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      Pregabalina en el tratamiento del dolor neuropático periférico Translated title: Pregabalin for the management of peripheral neuropathic pain

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          Abstract

          La aparición de pregabalina (PGBB), un nuevo fármaco del grupo de los neuromoduladores, con un perfil farmacocinético mejor al de sus predecesores y con indicación en dolor neuropático periférico abre nuevos horizontes en el tratamiento de estos enfermos. PGBB es un análogo del GABA aunque no se liga a su receptor ni es capaz de desarrollar acciones gabaérgicas. PGBB debe el efecto analgésico a su capacidad de ligarse a la subunidad proteica alfa-2-delta de los canales de calcio voltaje dependientes en el SNC, con una afinidad mayor a la de gabapentina. En varios modelos animales de dolor, PGBB ha demostrado eficacia antihiperalgésica y un perfil antialodínico superior a morfina y amitriptilina; se absorbe rápidamente por vía digestiva, con una biodisponibilidad del 90%, una farmacocinética altamente predecible y lineal con baja variabilidad interindividual y larga vida media, lo que permite su administración en dos dosis diarias. PGBB no se liga a las proteínas plasmáticas y se elimina inalterada por orina casi en su totalidad, por lo que presenta escasa interacción con otros fármacos. En esta revisión se evalúan los resultados de cinco estudios en neuralgia postherpética (NPH), en un total de 1.034 pacientes y otros seis en pacientes portadores de neuropatía diabética dolorosa (NDD) que incluyeron 1.628 pacientes. En todos ellos, PGBB en dosis de 150 mg.día-1 o superiores, ha demostrado eficacia frente a placebo de una forma dosis dependiente para controlar el dolor, mejorar el sueño y mejorar muchos de los parámetros de la calidad de vida de los pacientes. La dosis más eficaz demostró ser 600 mg (p < 0,001 vs. placebo) y en dosis flexible, con una dosis media de 457 mg.día-1 manifestó también alta eficacia (p = 0,002 vs. placebo). PGBB en dosis terapéuticas ha demostrado altos índices de seguridad, con efectos adversos leves, reversibles y con baja incidencia. La presencia de efectos adversos graves fue similar a la de placebo. En conclusión: PGBB demostró ser un fármaco eficaz y seguro en el tratamiento del dolor neuropático en pacientes portadores de NPH y NDD.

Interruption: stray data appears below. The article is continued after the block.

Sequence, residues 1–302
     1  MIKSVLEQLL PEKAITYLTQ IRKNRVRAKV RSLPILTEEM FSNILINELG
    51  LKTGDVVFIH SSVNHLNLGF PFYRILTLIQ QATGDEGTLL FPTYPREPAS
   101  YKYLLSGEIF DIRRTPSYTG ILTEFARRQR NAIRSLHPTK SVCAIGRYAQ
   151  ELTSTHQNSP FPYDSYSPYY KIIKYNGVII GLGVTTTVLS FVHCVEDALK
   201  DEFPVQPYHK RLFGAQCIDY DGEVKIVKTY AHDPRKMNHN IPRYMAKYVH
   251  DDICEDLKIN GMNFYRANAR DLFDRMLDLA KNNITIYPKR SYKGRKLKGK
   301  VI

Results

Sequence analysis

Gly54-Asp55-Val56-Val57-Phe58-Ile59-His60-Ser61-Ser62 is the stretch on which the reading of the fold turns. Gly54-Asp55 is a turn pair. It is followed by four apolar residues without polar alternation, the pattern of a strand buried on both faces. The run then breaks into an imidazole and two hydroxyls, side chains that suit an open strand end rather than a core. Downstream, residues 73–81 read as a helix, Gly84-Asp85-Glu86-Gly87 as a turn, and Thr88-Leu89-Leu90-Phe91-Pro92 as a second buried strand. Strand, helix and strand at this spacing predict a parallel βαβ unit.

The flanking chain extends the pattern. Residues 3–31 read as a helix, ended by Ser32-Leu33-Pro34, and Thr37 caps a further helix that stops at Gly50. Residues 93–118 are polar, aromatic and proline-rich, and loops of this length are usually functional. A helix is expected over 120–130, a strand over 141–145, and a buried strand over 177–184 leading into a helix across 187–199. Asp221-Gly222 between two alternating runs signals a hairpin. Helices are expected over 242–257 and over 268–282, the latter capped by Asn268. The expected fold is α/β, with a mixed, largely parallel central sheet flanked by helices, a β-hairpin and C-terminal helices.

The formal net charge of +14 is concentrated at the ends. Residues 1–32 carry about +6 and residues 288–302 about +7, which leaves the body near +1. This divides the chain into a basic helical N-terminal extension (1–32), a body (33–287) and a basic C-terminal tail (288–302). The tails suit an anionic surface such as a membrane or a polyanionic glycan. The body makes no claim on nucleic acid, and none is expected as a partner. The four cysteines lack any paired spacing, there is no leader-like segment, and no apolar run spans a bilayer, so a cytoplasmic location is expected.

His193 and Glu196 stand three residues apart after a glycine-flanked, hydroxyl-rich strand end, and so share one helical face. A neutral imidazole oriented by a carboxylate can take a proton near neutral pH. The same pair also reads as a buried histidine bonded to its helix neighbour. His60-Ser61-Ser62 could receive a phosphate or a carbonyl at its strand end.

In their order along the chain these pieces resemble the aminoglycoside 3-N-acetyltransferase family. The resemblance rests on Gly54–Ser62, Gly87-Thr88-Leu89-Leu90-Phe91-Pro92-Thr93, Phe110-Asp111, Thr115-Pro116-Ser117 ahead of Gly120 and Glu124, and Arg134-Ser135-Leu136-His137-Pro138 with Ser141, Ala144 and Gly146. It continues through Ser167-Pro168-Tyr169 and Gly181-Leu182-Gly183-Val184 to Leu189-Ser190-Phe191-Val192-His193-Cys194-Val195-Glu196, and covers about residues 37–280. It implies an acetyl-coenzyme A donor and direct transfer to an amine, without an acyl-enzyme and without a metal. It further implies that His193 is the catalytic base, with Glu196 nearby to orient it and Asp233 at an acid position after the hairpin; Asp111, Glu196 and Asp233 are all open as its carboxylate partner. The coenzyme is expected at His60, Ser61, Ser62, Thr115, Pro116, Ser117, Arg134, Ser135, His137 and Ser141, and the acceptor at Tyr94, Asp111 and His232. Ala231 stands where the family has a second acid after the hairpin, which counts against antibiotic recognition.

Translated abstract

          The availability of pregabalin (PGBB), a new drug belonging to the group of neuromodulators with a better pharmacokinetic profile compared to its predecessors and effective for the management of peripheral neuropathic pain, opens up new horizons for the management of these patients. PGBB is a GABA analogue, although it does not bind to its receptors nor it shows gabaergic actions. Analgesic effects of PGBB are due to its binding to the proteic alpha-2-delta subunit of the voltage-dependant calcium channels at the CNS with greater affinity than gabapentin. In several animal pain models, PGBB has shown antihyperalgesic effectiveness and a better antiallodynia profile compared to morphine and amitriptilin; it is quickly absorbed when orally administered, with a 90% bioavailability, a highly predictable and linear pharmacokinetics with low interindividual variability and a long half life. Consequently, it can be administered in two daily doses. PGBB does not bind to plasma proteins and is mainly excreted unaltered in the urine, so its interaction with other drugs is rare. In this review, the results of five studies of postherpetic neuralgia (PHN) were assessed, with a total of 1,034 patients and other six studies in painful diabetic neuropathy (PDN) that included 1,628 patients. In all of them, PGBB administered in doses of at least 150 mg.day-1 was effective versus placebo in a dose-dependant way in terms of pain relief, improved sleep and improved parameters of quality of life. The most effective dose was 600 mg (p < 0.001 vs. placebo) and, with a flexible dosage, a mean dose of 457 mg.day-1 was also highly effective (p = 0.002 vs. placebo). Therapeutic doses of PGBB also showed high safety levels, with a low incidence of slight reversible adverse effects. The presence of severe adverse effects was the same as with placebo. In conclusion, PCBB was an effective and safe drug for the management of neuropathic pain in patients with PHN and DNP.